Ciguatera poisoning – which often results in acute nausea, vomiting and painful gastrointestinal episodes – is caused by eating fish that have fed on a micro algae that are toxic to mammals and often associated with large algal blooms known as red tides.
Cases of ciguatera poisoning have been documented for more than 200 years – and were recorded and described by Captain Cook on his second voyage to the Pacific in 1774.
Recently, scientists have discovered that the patented compound brevenal could be used to make an effective treatment for neurotoxic shellfish poisoning (NSP), a condition related to ciguatera poisoning.
Acting initially on a hunch, QBI neuroscientist Associate Professor Fred Meunier hypothesised that brevenal could be adapted to combat ciguatera poisoning.
Simultaneously, and unbeknown to Dr Meunier, Dr Dan Baden at the University of North Carolina Wilmington (USA) was also considering adapting brevenal to fight ciguatera.
The two scientists soon became aware of each other's interest and began discussing the possibility that the compound active against NSP could have the same therapeutic effect on ciguatera toxins.
Along with Dr Dan Baden, Dr Jordi Molgo (National Center For Scientific Research, France) and Dr Richard Lewis at UQ's Institute for Molecular Bioscience, Dr Meunier pressed on to obtain a small batch of both ciguatera toxin and brevenal to test their hypothesis.
"It now seems that we have found a way of blocking the effect of the ciguatera toxin on sodium channels without affecting their function of propagating the electrical signals in neurons," Dr Meunier said.
One of the main problems with ciguatera is that there are few, if any, effective treatments for the acute impact it has on the health of humans and marine mammals.
"There is one drug available for ciguatera sufferers but a randomised trial conducted by another research group in 2002 found it to be no better than a placebo," Dr Meunier said.
Armed with the knowledge of how the ciguatera toxin affects the body, Dr Meunier and his research collaborators are now looking to develop a drug that will short-circuit the ciguatera toxin's effect in mammals. The process of synthesising and safely delivering the drug for human patients will require extensive trials.
QBI Communications | EurekAlert!
Rabies viruses reveal wiring in transparent brains
19.01.2017 | Rheinische Friedrich-Wilhelms-Universität Bonn
On track to heal leukaemia
18.01.2017 | Universitätsspital Bern
An important step towards a completely new experimental access to quantum physics has been made at University of Konstanz. The team of scientists headed by...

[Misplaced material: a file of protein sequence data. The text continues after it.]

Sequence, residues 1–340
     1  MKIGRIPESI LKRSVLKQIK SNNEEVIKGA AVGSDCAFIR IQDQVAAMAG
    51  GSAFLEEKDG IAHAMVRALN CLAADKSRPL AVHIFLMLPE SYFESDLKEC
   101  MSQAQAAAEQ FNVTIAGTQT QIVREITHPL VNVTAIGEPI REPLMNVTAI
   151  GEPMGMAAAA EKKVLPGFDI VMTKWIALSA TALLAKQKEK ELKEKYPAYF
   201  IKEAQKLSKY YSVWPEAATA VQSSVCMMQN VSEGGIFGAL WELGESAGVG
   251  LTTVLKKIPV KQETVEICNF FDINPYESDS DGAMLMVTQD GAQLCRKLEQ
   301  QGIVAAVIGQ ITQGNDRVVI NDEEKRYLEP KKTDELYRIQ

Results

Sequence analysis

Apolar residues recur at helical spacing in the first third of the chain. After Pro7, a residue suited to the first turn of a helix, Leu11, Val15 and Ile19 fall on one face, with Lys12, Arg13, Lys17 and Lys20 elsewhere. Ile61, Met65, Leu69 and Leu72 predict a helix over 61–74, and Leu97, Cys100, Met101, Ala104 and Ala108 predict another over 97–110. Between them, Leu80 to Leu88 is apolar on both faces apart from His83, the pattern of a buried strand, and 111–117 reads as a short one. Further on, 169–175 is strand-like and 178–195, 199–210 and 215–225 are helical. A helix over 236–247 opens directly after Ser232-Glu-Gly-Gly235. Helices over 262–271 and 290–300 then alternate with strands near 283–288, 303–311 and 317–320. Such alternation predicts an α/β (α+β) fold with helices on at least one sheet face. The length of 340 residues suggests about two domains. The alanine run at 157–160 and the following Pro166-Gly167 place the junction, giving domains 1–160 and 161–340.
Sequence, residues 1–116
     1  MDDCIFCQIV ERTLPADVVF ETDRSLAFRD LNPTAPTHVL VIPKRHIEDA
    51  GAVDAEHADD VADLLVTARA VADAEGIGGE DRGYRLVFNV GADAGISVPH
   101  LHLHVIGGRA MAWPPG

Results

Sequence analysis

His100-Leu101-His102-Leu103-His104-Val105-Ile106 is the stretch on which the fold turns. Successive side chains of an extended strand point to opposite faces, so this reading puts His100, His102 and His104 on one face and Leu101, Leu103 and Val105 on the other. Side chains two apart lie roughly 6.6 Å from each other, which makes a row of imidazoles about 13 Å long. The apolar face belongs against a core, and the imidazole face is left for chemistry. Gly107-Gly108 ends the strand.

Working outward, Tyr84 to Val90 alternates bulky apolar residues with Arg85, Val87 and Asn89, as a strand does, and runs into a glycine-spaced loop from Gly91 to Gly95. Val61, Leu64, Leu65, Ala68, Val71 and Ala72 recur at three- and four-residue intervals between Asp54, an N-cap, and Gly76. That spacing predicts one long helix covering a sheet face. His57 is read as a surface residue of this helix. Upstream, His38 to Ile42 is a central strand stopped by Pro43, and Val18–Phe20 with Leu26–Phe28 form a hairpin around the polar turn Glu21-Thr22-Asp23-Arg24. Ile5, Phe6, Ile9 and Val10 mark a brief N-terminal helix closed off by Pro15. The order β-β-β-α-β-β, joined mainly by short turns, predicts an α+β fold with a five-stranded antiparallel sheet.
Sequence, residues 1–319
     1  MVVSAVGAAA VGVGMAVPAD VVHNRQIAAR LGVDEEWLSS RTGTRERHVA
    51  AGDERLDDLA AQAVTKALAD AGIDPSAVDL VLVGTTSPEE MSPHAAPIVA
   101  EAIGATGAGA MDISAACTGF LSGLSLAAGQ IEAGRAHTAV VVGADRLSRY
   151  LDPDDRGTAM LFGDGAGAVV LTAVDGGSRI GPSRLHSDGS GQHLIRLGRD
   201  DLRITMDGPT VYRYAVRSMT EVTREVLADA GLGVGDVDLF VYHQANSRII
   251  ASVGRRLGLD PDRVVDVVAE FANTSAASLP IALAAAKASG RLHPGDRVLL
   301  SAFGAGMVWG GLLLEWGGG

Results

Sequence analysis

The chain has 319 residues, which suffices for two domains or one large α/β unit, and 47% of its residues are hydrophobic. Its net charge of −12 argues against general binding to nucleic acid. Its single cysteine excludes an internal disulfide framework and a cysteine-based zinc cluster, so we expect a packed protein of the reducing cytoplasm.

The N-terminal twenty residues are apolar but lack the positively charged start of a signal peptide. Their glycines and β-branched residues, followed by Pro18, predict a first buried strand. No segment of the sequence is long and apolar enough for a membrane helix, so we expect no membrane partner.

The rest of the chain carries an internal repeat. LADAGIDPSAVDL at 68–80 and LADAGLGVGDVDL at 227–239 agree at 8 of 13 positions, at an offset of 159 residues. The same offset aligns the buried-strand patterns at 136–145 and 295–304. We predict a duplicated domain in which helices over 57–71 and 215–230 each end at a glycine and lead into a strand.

Yersiniae cause severe intestinal infections. Studies using Yersinia pseudotuberculosis as a model organism aim to elucidate the infection mechanisms of these...
Researchers from the University of Hamburg in Germany, in collaboration with colleagues from the University of Aarhus in Denmark, have synthesized a new superconducting material by growing a few layers of an antiferromagnetic transition-metal chalcogenide on a bismuth-based topological insulator, both being non-superconducting materials.
While superconductivity and magnetism are generally believed to be mutually exclusive, surprisingly, in this new material, superconducting correlations...
Laser-driving of semimetals allows creating novel quasiparticle states within condensed matter systems and switching between different states on ultrafast time scales
Studying properties of fundamental particles in condensed matter systems is a promising approach to quantum field theory. Quasiparticles offer the opportunity...
Among the general public, solar thermal energy is currently associated with dark blue, rectangular collectors on building roofs. Technologies are needed for aesthetically high quality architecture which offer the architect more room for manoeuvre when it comes to low- and plus-energy buildings. With the “ArKol” project, researchers at Fraunhofer ISE together with partners are currently developing two façade collectors for solar thermal energy generation, which permit a high degree of design flexibility: a strip collector for opaque façade sections and a solar thermal blind for transparent sections. The current state of the two developments will be presented at the BAU 2017 trade fair.
As part of the “ArKol – development of architecturally highly integrated façade collectors with heat pipes” project, Fraunhofer ISE together with its partners...
19.01.2017 | Event News
10.01.2017 | Event News
09.01.2017 | Event News
19.01.2017 | Earth Sciences
19.01.2017 | Life Sciences
19.01.2017 | Physics and Astronomy